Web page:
Successful completion and enthusiasm of telecom operators, coupled with government policy to allow spectrum to enterprises, has paved the way for India to become a global super power, as domestic 5G stake has already been demonstrated. Three private operators have announced their plans to start 5G by August, 2022 itself, and roll out pan-India by the year-end. The public telecom operator has been asked to implement 5G soonest on availability of the domestic 5G.
Airtel 5G is starting in August, 2022 itself, and shall be extending to a pan-India rollout very soon. By March, 2024, they will be able to cover every town and key rural area as well with 5G. In fact, detailed network rollout plans for 5000 towns in India are completely in place. Jio and Vodafone Idea plans are also in place.
So, for the first time, India is catching up with the world in 5G. Support of the government is unparalleled. Even the PM announced in his Independence Day speech that 5G mobile telephony, which holds the promise of offering 10 times faster speeds and lag-free connectivity, will soon start in India.
For the first time, the government is talking of design-led manufacturing, for which the minister has earmarked a minimum of ₹500 crore per year. Domestic start-ups have taken lead in showcasing full 5G domestic stake. The government also announced a design-led PLI scheme. The government had also set up 5G test bed and offered it to industries/start-ups.
Entire India is looking forward to 5G – customers for high speed/immersive experience, economy for its projected growth, the government for success of new technology, R&D institutes for successful new products, educational institutions for skilling and education, and enterprises for higher productivity.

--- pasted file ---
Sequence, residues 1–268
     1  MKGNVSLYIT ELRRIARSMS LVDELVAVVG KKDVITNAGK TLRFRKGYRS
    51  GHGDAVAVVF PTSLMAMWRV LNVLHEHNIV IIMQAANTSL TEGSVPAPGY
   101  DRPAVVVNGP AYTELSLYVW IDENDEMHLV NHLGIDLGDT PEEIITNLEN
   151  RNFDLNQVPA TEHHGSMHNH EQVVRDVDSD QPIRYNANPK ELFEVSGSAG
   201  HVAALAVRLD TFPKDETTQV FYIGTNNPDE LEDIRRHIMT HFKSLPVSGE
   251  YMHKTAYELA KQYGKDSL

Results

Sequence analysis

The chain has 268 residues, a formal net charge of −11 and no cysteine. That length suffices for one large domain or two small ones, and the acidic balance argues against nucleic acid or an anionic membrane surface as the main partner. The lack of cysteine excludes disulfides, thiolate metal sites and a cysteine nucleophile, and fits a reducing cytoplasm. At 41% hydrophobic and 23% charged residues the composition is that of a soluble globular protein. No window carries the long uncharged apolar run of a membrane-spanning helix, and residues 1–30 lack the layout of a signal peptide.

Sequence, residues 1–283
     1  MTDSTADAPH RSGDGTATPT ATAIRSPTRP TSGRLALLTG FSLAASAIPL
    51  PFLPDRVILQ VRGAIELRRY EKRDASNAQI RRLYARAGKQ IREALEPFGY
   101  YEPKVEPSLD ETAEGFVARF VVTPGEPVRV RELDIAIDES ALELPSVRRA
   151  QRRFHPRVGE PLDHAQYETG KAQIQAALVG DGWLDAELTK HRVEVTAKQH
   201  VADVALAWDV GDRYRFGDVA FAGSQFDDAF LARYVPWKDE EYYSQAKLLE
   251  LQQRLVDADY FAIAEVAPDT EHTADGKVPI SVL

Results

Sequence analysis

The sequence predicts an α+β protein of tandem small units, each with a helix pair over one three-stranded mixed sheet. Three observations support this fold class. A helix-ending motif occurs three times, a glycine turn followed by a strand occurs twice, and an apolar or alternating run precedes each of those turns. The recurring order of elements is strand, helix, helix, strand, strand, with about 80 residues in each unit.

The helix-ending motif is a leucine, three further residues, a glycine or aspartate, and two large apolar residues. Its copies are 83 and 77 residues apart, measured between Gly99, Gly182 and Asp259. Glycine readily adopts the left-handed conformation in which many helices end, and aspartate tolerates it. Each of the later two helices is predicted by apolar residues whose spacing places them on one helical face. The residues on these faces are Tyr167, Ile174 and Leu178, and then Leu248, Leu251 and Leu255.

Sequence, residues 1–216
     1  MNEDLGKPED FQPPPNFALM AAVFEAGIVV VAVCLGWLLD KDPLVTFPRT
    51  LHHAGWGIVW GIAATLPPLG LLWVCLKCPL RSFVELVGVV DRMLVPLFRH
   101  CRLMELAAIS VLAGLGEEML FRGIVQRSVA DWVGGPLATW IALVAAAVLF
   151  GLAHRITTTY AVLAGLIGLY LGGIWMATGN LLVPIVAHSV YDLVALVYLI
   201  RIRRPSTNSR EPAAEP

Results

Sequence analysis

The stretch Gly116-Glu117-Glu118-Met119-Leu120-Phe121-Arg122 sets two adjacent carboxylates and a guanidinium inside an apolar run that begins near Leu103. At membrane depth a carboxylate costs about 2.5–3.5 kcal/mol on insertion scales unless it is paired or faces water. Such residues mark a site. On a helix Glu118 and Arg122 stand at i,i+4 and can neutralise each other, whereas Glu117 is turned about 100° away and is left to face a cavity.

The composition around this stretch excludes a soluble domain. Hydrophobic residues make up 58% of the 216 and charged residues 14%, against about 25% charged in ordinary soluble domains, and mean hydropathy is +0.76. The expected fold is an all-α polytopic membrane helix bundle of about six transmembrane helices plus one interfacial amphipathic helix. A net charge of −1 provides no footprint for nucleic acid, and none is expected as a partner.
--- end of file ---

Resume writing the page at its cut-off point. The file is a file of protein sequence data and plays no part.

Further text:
By reducing the reserve price, the government has avoided the winning curse, as spectrum has been sold on reserve price. By reforms, the government has enabled operators to smooth out their operations.
The government has made all of us demand less. But a child has to cry, so something must be said.
Much now depends on use cases, which are under development. The entire way of living is going to change from education, health, agriculture, banking, and more.
Some are worried on effect of radiation on health. There is no evidence so far. The evidence is difficult to come as deployment is of recent times. There is a need for technical experts to devote some time toward this by undertaking proper study and evaluation, as the international norms on radiation are quite old.
Much infrastructure is needed in the form of small cells, towers, and optical fiber. The operators and the industry are gearing up for the same. Time has come for a National Fiber Authority. Much coordination is needed with the state and local authorities, who see this as a money-spinning opportunity. Skilled manpower shortage should be expected.
5G is a big infra gamble. Operators, having invested close to ₹5 lakh crore for 4G, are expected to put in another ₹3 lakh crore – a big boost to economy.
A time has come when citizens should ask for the internet and mobile as a right to connectivity. They must enforce this as a demand, along with demand for road, electricity, health, water, etc.
Domestic procurement as of now is restricted to public operators only. There is a need for incentive scheme for private operators for domestic procurements.
There is also a need for a telecom funding authority – maybe Telecom Finance Corporation – for operators and manufacturers.
Challenge to operators for customers willingness to pay requisite charges and the payback difficult as enterprise revenues are unsure.
With high technology and interconnection to IoT and M2M, come the cyber risks. Customers are looking at technical experts to address the issue.
Welcome to India for 5G!